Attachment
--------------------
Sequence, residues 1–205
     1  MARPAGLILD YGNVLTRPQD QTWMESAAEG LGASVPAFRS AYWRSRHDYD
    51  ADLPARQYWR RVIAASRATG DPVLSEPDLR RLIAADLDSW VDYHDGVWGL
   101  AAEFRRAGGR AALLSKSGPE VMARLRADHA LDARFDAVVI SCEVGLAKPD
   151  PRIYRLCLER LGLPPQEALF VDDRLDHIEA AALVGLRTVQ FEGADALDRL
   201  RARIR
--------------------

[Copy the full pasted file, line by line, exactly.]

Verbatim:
Sequence, residues 1–205
     1  MARPAGLILD YGNVLTRPQD QTWMESAAEG LGASVPAFRS AYWRSRHDYD
    51  ADLPARQYWR RVIAASRATG DPVLSEPDLR RLIAADLDSW VDYHDGVWGL
   101  AAEFRRAGGR AALLSKSGPE VMARLRADHA LDARFDAVVI SCEVGLAKPD
   151  PRIYRLCLER LGLPPQEALF VDDRLDHIEA AALVGLRTVQ FEGADALDRL
   201  RARIR